Jet lagged in Beijing. Amazing what you can accomplish when you can't sleep!

Take care,

Doug

Hi Nathan,

Yeah, I really think with tech skills, authentic assessment of some sort is really the only way to go. I've always thought the actual driving test was better than the paper and pencil test when judging whether to give somebody a license!

Doug

March 6, 2013 | Registered CommenterDoug Johnson

Great list - you had me at #1 but lost me at #6. If kept as is, I would do away with (or tweak) 6.4. Social security numbers should never be given over the Internet. Many entities ask for social security numbers but they don't actually need it. It's always good to refuse. The wording in 6.4 implies that it's OK to give this personal information in certain situations. It's really not.

I would add the concept of "information control." Who controls information on the Internet? You? The people who own the server or the blog, etc.? Privacy controls in Facebook mean nothing if Facebook is mining data from the back. How is the information being used? (we don't know yet but we have some pretty good ideas) Get kids thinking about the profit motivation behind social media sites and what that means for users.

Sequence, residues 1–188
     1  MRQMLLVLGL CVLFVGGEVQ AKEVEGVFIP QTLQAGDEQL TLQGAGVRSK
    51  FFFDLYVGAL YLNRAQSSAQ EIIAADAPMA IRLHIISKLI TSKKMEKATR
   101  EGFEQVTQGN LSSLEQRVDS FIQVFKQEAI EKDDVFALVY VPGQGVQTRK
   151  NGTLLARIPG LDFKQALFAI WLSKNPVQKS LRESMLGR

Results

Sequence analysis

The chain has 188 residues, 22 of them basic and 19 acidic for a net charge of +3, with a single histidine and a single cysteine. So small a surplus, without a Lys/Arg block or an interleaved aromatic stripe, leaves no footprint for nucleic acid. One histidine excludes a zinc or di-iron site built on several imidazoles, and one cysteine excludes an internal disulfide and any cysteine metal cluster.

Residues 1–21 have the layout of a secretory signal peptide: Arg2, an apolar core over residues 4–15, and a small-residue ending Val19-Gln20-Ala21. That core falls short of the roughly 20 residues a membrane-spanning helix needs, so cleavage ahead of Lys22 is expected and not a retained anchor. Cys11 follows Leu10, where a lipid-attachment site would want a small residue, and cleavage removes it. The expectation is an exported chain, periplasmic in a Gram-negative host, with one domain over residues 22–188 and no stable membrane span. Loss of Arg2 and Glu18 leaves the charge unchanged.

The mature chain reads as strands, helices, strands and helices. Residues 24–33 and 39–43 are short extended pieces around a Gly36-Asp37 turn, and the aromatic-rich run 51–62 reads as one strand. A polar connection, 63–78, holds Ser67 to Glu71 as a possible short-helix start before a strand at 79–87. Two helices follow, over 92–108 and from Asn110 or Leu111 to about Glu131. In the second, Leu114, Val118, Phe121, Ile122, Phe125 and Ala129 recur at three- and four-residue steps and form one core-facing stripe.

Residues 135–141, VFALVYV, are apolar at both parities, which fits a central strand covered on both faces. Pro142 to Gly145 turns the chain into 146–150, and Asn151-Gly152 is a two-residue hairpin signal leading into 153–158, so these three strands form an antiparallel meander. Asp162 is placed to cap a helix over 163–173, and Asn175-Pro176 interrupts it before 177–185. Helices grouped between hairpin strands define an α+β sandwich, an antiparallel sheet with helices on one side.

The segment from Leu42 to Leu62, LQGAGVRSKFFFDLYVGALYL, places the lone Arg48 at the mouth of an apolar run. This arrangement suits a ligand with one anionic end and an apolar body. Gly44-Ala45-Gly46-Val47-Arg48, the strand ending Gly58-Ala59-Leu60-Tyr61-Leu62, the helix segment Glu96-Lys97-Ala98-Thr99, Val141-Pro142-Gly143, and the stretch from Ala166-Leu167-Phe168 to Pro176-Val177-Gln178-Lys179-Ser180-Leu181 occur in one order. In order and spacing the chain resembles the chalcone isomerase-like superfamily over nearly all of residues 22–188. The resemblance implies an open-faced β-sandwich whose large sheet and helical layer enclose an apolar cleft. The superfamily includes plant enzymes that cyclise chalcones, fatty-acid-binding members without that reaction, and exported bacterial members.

Finally are you trading your personal, legal information for free Internet space and is that OK with you? It is possible (and smart and ethical) to create an online identity that is not linked to your legal identity. Your model completely ignores that possibility.

March 8, 2013 | Unregistered CommenterJackie

Good stuff. Now, if we could only expect the same of our teachers.

Ed

March 9, 2013 | Unregistered CommenterDr. Ed Hockersmith

Hi Jackie,

Thanks for the thoughtful comments, especially about skill 6. This is a first go at performance objective and can be improved.

All the best,

Doug


Hi Ed,

Idealist that I am, I'd like to expect more from out teachers. But I get you drift.

Doug

March 11, 2013 | Registered CommenterDoug Johnson

I think traditional conventions could learn a lot from the idea! I'm so glad you had a great experience! Thanks for sharing! Ricky

March 11, 2013 | Unregistered CommenterHTTP

Thanks, We have been having discussions about a list of ten task that we would like students to complete on several devices such as Chromebook, tablet, laptop, smartphone, etc. We could then use that data to make a better decision about what device to buy in a 1:1 environment. This is a great list to pull from.

Many schools are going the tablet route. In my opinion, tablets are great but not necessarily the best device to do all the skills mentioned above. I personally like the idea of a Chromebook and BYO Smart Phone. Or even better, get them a Chromebook, Nexus 7, and let them use their phone. After all that basically what many adults do today.

March 11, 2013 | Unregistered CommenterBigEd95

BigEd95 - What are the 10 tasks that you've been discussing?

March 12, 2013 | Unregistered CommenterGH

Hi Big Ed,

There is certainly no perfect device. We're going tablets because of the simplicity of use and the rear facing camera for movie making and digital photography. I am sure there are things we'll not be able to do with them as well.

Appreciate the comment,

Doug

March 12, 2013 | Registered CommenterDoug Johnson